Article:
Hyundai Motor Group is developing a range of robotics technologies which the company says it will roll out over the next year or two.
Hyundai has developed a new “Vest EXoskeleton” (VEX), a wearable robot created to assist industrial workers who spend long hours working in overhead environments.
The VEX enhances productivity and reduces fatigue of industrial workers by imitating the movement of human joints to boost load support and mobility.
The wearable vest the polycentric axis – combining multiple pivot points with multi-link muscular assistance – to function, eliminating the need for a battery.
At 2.5 kg, VEX weighs 22-42 per cent less than competing products and is worn like a backpack.
The user places their arms through the shoulder straps of the vest, then fastens the chest and waist buckles. The back section can adjust in length by up to 18 cm to fit a variety of body sizes, while the degree of force assistance can be adjusted over six levels – up to as much as 5.5 kgf.
DongJin Hyun, head of the robotics team at Hyundai Motor Group, says: “VEX gives workers greater load support, mobility, and adaptability when operating in overhead environments.
“Workers will also appreciate how light VEX is to wear and work with.”
The newly-developed VEX is targeted at production-line workers whose job is primarily overhead, such as those bolting the underside of vehicles, fitting brake tubes, and attaching exhausts.
The development of the VEX included a pilot program in two Hyundai Motor Group plants in the US. The trial was widely successful in assisting workers and boosting productivity and both plants incorporated VEX systems in their production lines.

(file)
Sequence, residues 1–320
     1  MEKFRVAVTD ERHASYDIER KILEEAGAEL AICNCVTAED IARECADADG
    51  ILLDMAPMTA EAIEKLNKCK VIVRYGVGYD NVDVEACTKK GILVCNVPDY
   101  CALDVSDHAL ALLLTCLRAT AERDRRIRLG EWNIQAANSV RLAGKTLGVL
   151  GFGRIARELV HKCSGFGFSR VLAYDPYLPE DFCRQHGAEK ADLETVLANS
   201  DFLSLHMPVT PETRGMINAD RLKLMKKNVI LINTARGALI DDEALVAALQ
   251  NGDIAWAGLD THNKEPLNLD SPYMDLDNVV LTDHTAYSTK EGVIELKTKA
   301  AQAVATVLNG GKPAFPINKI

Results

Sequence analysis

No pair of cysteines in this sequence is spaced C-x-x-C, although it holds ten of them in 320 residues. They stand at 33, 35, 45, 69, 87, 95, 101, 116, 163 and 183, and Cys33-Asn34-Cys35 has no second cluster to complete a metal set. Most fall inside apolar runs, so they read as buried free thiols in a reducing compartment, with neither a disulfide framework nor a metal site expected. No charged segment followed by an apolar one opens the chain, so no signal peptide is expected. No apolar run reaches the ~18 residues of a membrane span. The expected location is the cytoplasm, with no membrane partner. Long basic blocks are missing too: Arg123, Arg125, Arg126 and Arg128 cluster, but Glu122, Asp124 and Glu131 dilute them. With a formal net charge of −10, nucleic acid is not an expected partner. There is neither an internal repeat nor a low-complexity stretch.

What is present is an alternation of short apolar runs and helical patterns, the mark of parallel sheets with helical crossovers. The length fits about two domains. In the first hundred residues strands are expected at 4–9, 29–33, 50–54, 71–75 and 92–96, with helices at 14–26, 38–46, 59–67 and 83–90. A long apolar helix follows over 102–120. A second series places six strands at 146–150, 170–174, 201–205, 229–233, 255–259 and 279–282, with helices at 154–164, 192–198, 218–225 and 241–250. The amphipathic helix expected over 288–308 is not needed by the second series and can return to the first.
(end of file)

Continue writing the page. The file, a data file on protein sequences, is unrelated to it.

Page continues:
The Hyundai Group is considering implementing the VEX on plants around the world.
It is expected to go into commercial production in December by Hyundai Rotem and is projected to cost as much as 30 per cent lower than existing products which usually costs around $5,000.
Hyundai commercializes Chairless EXoskeleton
As part of the Group’s plans to develop a diverse range of robotics technologies, another lightweight wearable device is soon to be commercialized.
The “Chairless EXoskeleton” (CEX) supports workers to maintain a sitting position without a stool or chair.
At 1.6 kg, it is light yet highly durable and able to withstand weights of up to 150 kg.
The CEX’s waist, thigh, and knee belts can be easily fitted and adjusted to the user’s body size and height. It also features three different angle settings (85 / 70 / 55 degrees).
By reducing the user’s back and lower body muscle activity by 40 per cent, it reduces fatigue and improves efficiency.
Hyundai says the development of the VEX and CEX demonstrates its “steadfast commitment to the health and wellbeing of its industrial workers and its ongoing exploration of advanced robotics”.
The Group also plans to showcase diverse robotics technology, including:
- a “Hotel Service Robot”;
- a “Sales Service Robot”;
- an “Electric Vehicle Charging Manipulator”; and
- other “Robotic Personal Mobility” solutions in the future.
The future for wearable robotics
According to the International Federation of Robotics, the wearable robotics industry is growing 14 per cent annually, a rate which is accelerating.
By 2021 approximately 630,000 commercial robots will be sold worldwide, with the greatest demand coming from the automotive sector.
In 2017, 126,000 robots were supplied to the auto sector, making-up 33 per cent of all commercial robots.
Recognizing the market trend, Hyundai Motor Group says it is making “active investments” and strengthening its presence within the growing robotics industry by securing relevant technologies.